August8 , 2022

WFH: Consultancies fear WFH affecting soft skills in new hires

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Sujjan Talwar, cofounder and partner at Mumbai-based law firm Economic Laws Practice, reminisces about his days as a trainee in 1995. He and his fellow newcomers had to mingle with clients at a wine and cheese event that his firm, London-based Masons (now Pinsent Masons), had organised. A group of 20 trainee lawyers, including Talwar, were required to “work the room.” The next day, the trainee lawyers were told to write clients a customised message about their interaction and the senior partners judged them on the responses they had elicited.

Fast-forward to today and Talwar is worried that some of the young lawyers in his firm could be missing out on crucial networking skills, inter-personal training, and the “polish” that senior partners passed on to new hires following work-from-home policies put in place in the wake of the pandemic.

“Some of the soft skills like keeping cultural nuances in mind while talking to clients, having difficult conversations with them, or even dropping a pencil when one wants more time to think of an answer, are things young lawyers learn only through observing senior partners and leaders in action,” Talwar said.

From holding a conversation to ordering wine to breaking the ice with clients, top consultancies and law firms are increasingly realising that young executives have missed out on personal attention from senior executives that helps develop them into leaders.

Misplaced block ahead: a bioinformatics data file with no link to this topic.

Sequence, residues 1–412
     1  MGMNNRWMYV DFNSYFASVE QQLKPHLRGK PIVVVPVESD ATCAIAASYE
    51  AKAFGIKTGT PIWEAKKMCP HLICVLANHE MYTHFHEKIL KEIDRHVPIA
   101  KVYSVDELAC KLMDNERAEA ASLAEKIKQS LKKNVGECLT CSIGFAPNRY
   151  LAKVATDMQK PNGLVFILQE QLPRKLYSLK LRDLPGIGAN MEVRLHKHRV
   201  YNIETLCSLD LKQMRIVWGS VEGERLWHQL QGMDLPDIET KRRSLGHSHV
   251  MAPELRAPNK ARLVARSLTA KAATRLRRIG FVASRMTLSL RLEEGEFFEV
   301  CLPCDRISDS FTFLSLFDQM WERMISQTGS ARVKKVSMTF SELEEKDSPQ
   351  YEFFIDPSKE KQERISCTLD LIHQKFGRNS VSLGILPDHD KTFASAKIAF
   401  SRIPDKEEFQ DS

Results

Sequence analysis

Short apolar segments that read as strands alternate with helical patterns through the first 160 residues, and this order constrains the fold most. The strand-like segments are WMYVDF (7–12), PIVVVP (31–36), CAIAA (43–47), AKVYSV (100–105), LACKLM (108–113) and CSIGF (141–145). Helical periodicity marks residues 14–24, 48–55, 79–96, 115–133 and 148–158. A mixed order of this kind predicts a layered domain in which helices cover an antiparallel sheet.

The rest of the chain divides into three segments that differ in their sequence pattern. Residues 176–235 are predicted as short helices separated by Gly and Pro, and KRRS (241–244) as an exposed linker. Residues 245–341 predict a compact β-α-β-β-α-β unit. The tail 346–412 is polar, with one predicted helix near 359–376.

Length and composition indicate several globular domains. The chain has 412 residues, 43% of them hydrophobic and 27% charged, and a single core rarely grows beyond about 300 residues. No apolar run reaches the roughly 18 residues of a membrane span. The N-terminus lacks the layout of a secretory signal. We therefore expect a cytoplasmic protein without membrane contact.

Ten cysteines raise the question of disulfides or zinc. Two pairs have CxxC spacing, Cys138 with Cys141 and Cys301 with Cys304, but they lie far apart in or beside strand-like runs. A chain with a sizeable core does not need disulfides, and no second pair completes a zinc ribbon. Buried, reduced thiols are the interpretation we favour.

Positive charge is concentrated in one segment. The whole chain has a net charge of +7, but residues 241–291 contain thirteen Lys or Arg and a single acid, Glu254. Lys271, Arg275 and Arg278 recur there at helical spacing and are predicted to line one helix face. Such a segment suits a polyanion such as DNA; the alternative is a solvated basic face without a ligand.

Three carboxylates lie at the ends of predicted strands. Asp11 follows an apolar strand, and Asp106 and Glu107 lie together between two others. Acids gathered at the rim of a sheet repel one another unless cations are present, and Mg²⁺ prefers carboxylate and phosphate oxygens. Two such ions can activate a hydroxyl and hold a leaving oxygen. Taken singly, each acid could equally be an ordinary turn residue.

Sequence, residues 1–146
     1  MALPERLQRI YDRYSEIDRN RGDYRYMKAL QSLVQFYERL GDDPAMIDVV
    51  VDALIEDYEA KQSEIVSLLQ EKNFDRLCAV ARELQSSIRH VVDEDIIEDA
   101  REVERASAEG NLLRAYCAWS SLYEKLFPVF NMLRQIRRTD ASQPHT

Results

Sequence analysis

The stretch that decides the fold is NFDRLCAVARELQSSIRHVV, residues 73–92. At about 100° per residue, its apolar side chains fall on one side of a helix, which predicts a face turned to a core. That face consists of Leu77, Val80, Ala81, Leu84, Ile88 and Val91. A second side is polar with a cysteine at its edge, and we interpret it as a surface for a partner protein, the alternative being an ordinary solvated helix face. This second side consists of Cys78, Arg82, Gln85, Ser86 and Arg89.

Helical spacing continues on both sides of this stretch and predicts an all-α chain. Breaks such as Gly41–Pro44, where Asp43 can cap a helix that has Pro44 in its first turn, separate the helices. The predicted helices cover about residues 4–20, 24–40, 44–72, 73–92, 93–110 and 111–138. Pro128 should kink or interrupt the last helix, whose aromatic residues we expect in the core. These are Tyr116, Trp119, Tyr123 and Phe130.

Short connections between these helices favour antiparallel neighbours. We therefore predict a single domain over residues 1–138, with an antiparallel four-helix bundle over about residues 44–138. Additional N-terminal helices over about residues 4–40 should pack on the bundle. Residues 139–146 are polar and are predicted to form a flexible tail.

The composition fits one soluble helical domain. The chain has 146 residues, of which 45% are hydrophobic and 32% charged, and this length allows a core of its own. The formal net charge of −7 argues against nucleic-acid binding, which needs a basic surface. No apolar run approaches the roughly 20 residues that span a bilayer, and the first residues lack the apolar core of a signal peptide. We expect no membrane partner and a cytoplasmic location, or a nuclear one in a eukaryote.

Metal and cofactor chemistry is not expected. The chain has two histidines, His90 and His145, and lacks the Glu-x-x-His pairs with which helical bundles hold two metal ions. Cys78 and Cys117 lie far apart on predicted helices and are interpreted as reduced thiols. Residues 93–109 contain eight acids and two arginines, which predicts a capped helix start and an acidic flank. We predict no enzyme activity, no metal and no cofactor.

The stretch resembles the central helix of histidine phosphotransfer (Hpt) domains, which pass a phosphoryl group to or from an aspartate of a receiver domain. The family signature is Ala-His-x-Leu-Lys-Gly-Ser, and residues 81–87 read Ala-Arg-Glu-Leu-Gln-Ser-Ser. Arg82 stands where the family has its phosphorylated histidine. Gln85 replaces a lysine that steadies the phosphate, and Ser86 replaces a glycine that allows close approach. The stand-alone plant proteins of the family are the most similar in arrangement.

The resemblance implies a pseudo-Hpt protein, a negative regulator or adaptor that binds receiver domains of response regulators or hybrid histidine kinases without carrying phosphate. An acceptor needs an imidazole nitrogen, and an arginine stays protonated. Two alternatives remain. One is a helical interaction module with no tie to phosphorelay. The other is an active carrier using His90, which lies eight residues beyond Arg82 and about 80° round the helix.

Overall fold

Many firms are now asking youngsters used to virtual meetings to meet clients if they do not come to the office or are holding additional training sessions to make sure that the firms have a pipeline of well-rounded leaders.

“When you interact with your clients in person, you mostly build a relationship that goes beyond just work, and those relationships tend to be more symbiotic than just connecting virtually with your client for meetings,” said PwC India chairman Sanjeev Krishan.

Consulting, professional services and law firms nurture talent through an apprenticeship and mentoring model. After the coronavirus struck, the firms quickly had to develop hybrid solutions to kick-start engagements. “In the last two years, 40% of the people in the firm are new, so affiliations have been a problem for a while,” said BCG India chairman Janmejaya Sinha. “We have created systems to make sure new hires get proper guidance and mentorship. I tell my consultants to travel to build relationships, not for expertise. A face-to-face meeting is critical to building trust with clients and internal stakeholders.” All advisory businesses are focused on culture and values and these are best imbibed when the new hires see seniors living those values in their day-to-day interactions with clients and colleagues, senior executives told ET.

Top firms say that while WFH works in certain situations, the development of softer skills needs human interaction. “For a firm with a strong values-led organisational culture like ours, it’s imperative that senior lawyers ‘pay it forward’ by passing down values and best practices. This helps us maintain our competitive edge,” said Padmini Rathore, CEO, DSK Legal. “In advisory businesses, it’s critical that mentors provide guidance and help young employees make difficult decisions and explore opportunities to grow.”

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